How To Use Your Home Equity To Improve Your Retirement

Many Americans spend their entire working lives saving for retirement. Everyone knows the significance of funding their 401k, stashing some money away in securities, and investing in real estate.  The question is:  how do you use those investments once you retire in order to supplement your income?

There are many ways to tap into your assets, but you need to be careful how you go about it. For example, cashing out your 401k too quickly may trigger a large tax burden and accessing your home equity can lead to high interest expenses and could turn out to be costly.  Obviously, selling your home is the quickest way to access your investment, but again, you may incur large expenses. Additionally, you could also take out a line of credit, but this requires you to make monthly payments on to the debt and decreases your retirement income. So, neither of those options really serves as a solution to increasing your retirement cash flow.

An alternative to those options, and maybe the best way for seniors 62 and above to access their home equity after retirement, is through a reverse mortgage. This type of financing lets you eliminate your monthly mortgage payments1 and in some cases you may be able to receive monthly payments that come from your home equity and/or a line of credit that grows over time. These funds can be set aside and used as needed. Most importantly, a reverse mortgage allows you to maintain ownership and title to your home. There are interest and fees associated with this type of financing, but generally, the interest is lower or comparable to other products in the industry.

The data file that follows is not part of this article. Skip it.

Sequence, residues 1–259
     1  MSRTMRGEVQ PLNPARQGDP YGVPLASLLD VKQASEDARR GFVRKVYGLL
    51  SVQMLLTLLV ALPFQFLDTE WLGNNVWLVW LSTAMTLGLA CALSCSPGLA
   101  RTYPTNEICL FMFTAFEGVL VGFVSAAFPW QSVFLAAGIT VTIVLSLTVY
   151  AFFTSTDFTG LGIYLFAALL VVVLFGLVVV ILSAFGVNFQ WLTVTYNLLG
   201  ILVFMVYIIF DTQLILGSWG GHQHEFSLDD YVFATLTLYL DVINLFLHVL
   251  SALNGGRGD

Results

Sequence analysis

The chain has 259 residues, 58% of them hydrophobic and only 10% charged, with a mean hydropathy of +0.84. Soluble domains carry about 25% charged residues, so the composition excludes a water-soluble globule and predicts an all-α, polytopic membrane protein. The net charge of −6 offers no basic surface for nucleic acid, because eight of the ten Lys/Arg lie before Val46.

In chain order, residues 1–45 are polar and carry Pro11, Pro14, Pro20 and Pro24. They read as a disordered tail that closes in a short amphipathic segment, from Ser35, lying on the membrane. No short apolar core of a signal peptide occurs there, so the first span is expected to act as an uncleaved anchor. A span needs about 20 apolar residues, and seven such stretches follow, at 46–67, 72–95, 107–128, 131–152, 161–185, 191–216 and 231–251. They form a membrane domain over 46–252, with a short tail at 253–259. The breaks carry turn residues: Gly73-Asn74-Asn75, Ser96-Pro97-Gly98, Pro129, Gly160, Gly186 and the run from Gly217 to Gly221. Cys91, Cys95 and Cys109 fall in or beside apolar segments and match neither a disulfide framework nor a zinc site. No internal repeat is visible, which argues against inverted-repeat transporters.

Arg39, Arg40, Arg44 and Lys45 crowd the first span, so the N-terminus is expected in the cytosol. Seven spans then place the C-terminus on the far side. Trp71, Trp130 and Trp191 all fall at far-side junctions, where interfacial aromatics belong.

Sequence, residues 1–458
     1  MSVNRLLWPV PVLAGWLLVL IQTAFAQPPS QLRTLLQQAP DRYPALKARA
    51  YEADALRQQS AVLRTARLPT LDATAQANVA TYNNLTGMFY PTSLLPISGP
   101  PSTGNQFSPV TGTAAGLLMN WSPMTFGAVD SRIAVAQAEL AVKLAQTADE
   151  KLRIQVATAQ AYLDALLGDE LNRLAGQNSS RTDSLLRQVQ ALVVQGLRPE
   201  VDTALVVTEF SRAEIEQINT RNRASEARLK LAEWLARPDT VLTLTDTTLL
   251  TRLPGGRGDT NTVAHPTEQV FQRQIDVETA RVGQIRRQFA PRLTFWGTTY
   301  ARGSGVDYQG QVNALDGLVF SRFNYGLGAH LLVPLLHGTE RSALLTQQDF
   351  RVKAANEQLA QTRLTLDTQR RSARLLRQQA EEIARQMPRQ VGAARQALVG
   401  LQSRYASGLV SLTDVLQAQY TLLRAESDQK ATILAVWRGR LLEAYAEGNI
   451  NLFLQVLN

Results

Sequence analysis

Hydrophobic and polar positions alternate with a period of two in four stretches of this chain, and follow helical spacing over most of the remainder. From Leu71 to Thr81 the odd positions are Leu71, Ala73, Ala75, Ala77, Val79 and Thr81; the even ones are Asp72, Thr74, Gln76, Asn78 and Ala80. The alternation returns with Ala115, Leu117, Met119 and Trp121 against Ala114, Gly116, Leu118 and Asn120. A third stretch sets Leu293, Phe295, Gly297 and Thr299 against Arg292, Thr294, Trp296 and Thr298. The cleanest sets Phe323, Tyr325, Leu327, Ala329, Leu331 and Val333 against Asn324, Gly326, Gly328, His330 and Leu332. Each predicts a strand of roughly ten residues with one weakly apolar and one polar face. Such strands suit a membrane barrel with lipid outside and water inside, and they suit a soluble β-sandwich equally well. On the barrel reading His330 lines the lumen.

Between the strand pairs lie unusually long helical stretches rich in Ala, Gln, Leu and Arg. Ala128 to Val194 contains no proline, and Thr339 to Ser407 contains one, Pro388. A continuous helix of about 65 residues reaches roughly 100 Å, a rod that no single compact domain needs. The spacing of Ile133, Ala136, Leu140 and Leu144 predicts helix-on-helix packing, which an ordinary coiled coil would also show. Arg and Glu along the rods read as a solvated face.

You’ve already been paying for your home your entire life, and for once you can finally have your home pay you.  If this sounds like an option you would like to consider, call us for more information at 800.218.1415, and to receive a free, no-obligation quote from a licensed loan officer. It’s important to know the facts about how a reverse mortgage can help you before you make a decision on your own.


1You must live in the home as your primary residence, continue to pay required property taxes, homeowners insurance and maintain the home according to Federal Housing Administration requirements.

How to structure your assets for retirement? –, 9/28/2016.